“This takes our new four-cylinder unit into a realm which has so far been the preserve of three-litre six-cylinder diesel or large V8 petrol engines – all combined with exemplary fuel economy,” commented Dr. Thomas Weber, who is responsible for Group Research and Development at Mercedes-Benz Cars on the Daimler AG Board of Management.
Drivers are able to savour the advances that have been made with all of their senses. The new drive unit has a powerful feel to it, its response is agile, it delights with its tremendous pulling power and impresses with admirable levels of smoothness for a four-cylinder engine. It enables sports-car-like performance, propelling the C-Class saloon from standstill to the 100-km/h (62 mph) mark in a mere 7.0 seconds. The engine’s supreme flexibility permits quick turns of speed for rapid overtaking on country roads, taking just 9.2 seconds to pick up from 60 to 120 km/h/37 to 75 mph (5th gear). The top speed is 250 km/h (155 mph). These figures all add up to a high degree of fun at the wheel combined with great economy.
Quite apart from its outstanding power output figures, the new drive unit also boasts markedly superior torque build-up from low engine speeds compared to its predecessor model, along with a class-beating torque characteristic curve. This means that the engine can be run extremely economically at low engine speeds in routine driving situations.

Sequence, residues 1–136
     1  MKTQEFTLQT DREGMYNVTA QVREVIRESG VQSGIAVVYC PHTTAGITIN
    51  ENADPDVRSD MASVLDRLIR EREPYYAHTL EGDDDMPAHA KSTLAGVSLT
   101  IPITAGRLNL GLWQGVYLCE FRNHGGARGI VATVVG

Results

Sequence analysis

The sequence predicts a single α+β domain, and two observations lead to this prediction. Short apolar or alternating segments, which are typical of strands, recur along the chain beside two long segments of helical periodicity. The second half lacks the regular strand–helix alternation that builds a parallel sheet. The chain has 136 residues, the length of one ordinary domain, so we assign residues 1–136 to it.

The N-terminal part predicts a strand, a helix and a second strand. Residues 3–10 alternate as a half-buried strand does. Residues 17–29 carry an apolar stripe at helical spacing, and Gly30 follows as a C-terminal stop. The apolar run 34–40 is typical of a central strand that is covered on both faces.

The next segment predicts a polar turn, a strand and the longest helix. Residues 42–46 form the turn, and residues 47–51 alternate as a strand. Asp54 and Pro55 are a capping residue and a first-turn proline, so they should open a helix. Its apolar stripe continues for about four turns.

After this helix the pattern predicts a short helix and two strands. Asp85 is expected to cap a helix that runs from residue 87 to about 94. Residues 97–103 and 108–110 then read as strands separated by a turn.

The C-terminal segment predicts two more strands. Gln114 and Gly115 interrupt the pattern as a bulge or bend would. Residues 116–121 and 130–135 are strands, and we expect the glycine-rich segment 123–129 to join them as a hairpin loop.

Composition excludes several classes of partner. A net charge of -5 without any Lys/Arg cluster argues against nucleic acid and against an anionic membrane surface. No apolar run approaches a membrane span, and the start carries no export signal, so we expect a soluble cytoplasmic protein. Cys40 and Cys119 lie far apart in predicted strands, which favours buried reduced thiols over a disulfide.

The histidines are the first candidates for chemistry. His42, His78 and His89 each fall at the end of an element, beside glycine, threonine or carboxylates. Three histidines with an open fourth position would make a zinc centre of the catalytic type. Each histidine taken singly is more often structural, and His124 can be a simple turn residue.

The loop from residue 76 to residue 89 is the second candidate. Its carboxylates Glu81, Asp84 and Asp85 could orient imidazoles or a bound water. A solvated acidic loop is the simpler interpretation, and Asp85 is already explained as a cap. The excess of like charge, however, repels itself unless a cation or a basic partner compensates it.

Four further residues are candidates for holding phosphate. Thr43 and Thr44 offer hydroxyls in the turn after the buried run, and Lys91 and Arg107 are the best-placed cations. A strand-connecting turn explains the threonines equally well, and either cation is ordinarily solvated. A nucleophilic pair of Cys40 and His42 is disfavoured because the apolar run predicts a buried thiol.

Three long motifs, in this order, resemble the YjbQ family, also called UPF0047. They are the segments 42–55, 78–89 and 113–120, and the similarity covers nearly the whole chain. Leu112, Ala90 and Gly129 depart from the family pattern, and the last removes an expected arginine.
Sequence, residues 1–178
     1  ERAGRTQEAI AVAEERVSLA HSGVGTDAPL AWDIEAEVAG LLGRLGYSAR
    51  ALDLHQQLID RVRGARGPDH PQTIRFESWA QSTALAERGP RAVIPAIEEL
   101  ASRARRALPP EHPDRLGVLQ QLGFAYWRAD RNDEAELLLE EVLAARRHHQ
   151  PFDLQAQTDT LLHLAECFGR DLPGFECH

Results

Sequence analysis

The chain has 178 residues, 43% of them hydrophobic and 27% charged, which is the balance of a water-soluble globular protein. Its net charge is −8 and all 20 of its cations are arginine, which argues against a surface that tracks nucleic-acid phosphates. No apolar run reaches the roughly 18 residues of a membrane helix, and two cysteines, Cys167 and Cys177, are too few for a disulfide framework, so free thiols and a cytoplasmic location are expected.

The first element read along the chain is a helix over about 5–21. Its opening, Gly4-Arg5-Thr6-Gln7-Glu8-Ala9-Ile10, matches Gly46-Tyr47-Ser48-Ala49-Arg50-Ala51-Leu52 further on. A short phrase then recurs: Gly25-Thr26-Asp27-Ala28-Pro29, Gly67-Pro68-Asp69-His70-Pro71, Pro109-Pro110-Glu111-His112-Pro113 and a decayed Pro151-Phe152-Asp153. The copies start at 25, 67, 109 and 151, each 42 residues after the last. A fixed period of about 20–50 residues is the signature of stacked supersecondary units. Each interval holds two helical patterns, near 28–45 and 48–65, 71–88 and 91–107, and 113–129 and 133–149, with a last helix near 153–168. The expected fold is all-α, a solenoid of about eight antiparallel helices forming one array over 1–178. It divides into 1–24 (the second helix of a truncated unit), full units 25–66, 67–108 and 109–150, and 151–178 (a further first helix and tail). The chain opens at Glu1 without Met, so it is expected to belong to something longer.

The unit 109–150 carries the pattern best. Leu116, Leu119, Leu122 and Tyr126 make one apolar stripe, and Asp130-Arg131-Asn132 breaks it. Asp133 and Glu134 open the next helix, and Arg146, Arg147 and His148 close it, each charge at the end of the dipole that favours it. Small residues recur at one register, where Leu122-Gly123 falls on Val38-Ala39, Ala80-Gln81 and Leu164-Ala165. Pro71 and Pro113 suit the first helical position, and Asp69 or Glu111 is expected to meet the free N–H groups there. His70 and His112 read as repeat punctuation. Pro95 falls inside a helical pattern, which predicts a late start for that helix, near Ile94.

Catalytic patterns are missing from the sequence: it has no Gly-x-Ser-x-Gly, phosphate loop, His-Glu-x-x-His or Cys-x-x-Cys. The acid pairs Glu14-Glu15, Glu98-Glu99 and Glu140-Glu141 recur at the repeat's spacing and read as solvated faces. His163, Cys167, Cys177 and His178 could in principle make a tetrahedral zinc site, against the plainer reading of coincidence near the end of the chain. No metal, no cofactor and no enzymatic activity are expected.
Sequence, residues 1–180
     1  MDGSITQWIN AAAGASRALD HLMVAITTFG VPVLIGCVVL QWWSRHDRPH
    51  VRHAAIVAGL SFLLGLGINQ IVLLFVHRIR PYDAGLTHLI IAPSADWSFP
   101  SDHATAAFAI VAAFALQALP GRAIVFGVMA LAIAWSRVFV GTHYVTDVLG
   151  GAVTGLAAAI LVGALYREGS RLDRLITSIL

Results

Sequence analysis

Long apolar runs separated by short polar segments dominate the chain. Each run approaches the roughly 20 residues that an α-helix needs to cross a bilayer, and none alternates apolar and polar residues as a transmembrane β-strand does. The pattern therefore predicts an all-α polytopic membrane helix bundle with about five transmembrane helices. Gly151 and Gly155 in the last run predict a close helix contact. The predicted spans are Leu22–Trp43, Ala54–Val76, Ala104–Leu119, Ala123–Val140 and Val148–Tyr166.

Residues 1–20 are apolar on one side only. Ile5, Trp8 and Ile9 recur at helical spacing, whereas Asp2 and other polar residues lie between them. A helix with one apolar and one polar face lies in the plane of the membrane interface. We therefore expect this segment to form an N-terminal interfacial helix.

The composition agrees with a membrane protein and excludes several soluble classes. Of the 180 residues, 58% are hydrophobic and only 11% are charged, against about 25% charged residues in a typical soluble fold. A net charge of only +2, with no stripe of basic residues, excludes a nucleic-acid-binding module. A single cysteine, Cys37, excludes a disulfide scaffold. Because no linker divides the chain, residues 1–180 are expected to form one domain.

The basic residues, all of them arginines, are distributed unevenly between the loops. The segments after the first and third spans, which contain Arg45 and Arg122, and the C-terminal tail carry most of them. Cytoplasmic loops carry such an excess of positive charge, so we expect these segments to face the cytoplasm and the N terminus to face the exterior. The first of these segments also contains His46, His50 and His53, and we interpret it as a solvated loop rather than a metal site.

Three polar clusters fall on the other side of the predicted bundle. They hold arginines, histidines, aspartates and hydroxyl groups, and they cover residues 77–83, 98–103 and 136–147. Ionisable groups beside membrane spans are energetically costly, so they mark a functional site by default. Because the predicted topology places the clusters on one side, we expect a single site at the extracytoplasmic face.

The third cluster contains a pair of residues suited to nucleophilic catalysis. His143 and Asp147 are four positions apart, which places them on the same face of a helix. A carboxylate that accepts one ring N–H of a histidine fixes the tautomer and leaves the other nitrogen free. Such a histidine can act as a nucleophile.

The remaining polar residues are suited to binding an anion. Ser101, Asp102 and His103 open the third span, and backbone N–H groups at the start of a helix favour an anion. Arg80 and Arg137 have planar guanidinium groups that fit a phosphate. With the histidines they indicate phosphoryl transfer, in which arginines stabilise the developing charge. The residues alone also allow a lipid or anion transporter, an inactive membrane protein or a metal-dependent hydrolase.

Innovative technologies without parallel
The exemplary figures achieved by the new engine for output and torque characteristics, economy, exhaust emissions and smoothness are the result of a whole raft of innovative technologies. These include a number of new developments, the likes of which cannot currently be found in any other standard-production passenger car diesel engine. The principal features of the new Mercedes diesel engine:
- Two-stage turbocharging ensures high power output and optimum torque delivery.
- Fourth-generation common-rail technology with a rail pressure that has been increased by 400 bar (5,802 psi) to 2000 bar (29,007 psi), plus a new piezoelectric injector concept featuring direct injector needle control creates the ideal basis for more flexible injection timing, leading to smoother engine running, lower fuel consumption and reduced emissions.
- The maximum ignition pressure is 200 bar (2,900 psi) which also contributes to the high output.
- Both the oil-spray nozzles and the water pump are activated in accordance with requirements to save energy and therefore fuel. The oil pump’s controllable design additionally reduces the oil flow rate – and therefore fuel consumption.